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expectations@ (Adds auction results, quote, updates prices)
* Trade deal hopes reduce safe-haven demand for bonds
* U.S. durable goods orders fall in May
* Treasury sells $41 bln five-year notes to soft demand
NEW YORK, June 26 (Reuters) - U.S. Treasury yields rose on Wednesday on hopes that the United States and China will make progress in trade talks later this week and as traders reduced bets that the Federal Reserve will cuts rates twice when it meets next month. Prices fell, lifting yields, after U.S. Treasury Secretary Steven Mnuchin was quoted by CNBC as saying the trade deal between the United States and China is "about 90%" complete.
Mnuchins comments were later restated to show he was using the past tense to describe progress in the U.S.-China talks.
U.S. President Donald Trump said he would impose additional tariffs on China if he did not reach a trade deal with Chinese leader Xi Jinping, but left open the possibility that the two leaders could make a deal to avert further tariffs at the G20 summit in Japan. The ongoing U.S.-China trade war is being blamed for slowing international growth and adding more pressure on central banks to adopt looser policies. Yields have also risen since St. Louis Federal Reserve Bank President James Bullard said on Tuesday that he does not view two rate cuts as warranted at the U.S. central banks July meeting, rowing back expectations of how low rates may go in the near term. Interest rate futures traders are now pricing in a 26-percent chance of a 50 basis point cut in July, down from 38 percent before Bullards comments, according to the CME groups FedWatch tool. A cut of at least 25 basis points is seen as certain. Fed Chairman Jerome Powell also on Tuesday defended the central bank's independence from Trump and financial markets, both of which seem to be pushing for aggressive rate cuts.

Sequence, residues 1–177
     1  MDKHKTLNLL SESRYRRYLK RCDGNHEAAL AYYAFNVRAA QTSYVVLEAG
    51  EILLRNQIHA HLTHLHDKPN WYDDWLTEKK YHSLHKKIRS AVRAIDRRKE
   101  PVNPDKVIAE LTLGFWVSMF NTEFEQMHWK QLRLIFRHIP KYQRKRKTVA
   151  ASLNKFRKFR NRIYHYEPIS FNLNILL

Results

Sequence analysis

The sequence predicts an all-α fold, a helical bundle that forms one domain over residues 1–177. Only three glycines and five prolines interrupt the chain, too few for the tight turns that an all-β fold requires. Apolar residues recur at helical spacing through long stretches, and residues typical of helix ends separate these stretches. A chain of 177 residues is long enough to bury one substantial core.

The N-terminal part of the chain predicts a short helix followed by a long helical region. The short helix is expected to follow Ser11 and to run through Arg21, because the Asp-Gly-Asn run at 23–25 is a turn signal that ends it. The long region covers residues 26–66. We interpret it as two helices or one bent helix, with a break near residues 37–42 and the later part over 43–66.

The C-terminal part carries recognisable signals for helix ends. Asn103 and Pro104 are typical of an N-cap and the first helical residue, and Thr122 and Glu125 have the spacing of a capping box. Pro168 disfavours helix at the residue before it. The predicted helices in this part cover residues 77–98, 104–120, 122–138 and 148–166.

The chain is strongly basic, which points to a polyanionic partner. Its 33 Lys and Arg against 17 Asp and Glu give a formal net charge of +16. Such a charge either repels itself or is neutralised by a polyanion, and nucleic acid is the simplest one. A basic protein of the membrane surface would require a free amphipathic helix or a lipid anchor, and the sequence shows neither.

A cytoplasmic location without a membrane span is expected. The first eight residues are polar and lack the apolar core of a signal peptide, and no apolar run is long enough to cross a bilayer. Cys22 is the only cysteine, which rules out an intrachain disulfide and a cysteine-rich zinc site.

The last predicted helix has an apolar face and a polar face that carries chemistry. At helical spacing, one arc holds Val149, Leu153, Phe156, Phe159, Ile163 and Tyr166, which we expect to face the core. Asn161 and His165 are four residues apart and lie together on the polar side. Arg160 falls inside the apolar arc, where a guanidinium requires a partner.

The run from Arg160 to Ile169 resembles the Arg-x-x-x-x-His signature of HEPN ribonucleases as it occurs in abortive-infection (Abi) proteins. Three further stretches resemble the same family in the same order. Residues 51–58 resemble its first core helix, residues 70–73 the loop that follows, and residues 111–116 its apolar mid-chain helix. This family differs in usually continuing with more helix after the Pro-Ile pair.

Fed speakers yesterday seems to confirm the possibility of one rate cut at the July meeting, said Subadra Rajappa, head of U.S. rates strategy at Societe Generale in New York. Bond prices briefly pared losses after data showed U.S. durable goods fell 1.3 percent in May, adding to concerns about the slowing economy. The Treasury Department sold $41 billion in five-year notes on Wednesday to slightly soft demand, the second sale of $113 billion in coupon-bearing supply this week. The government saw solid demand for a $40 billion sale of two-year notes on Tuesday. It will also sell $32 billion in seven-year notes on Thursday.
(Editing by Nick Zieminski )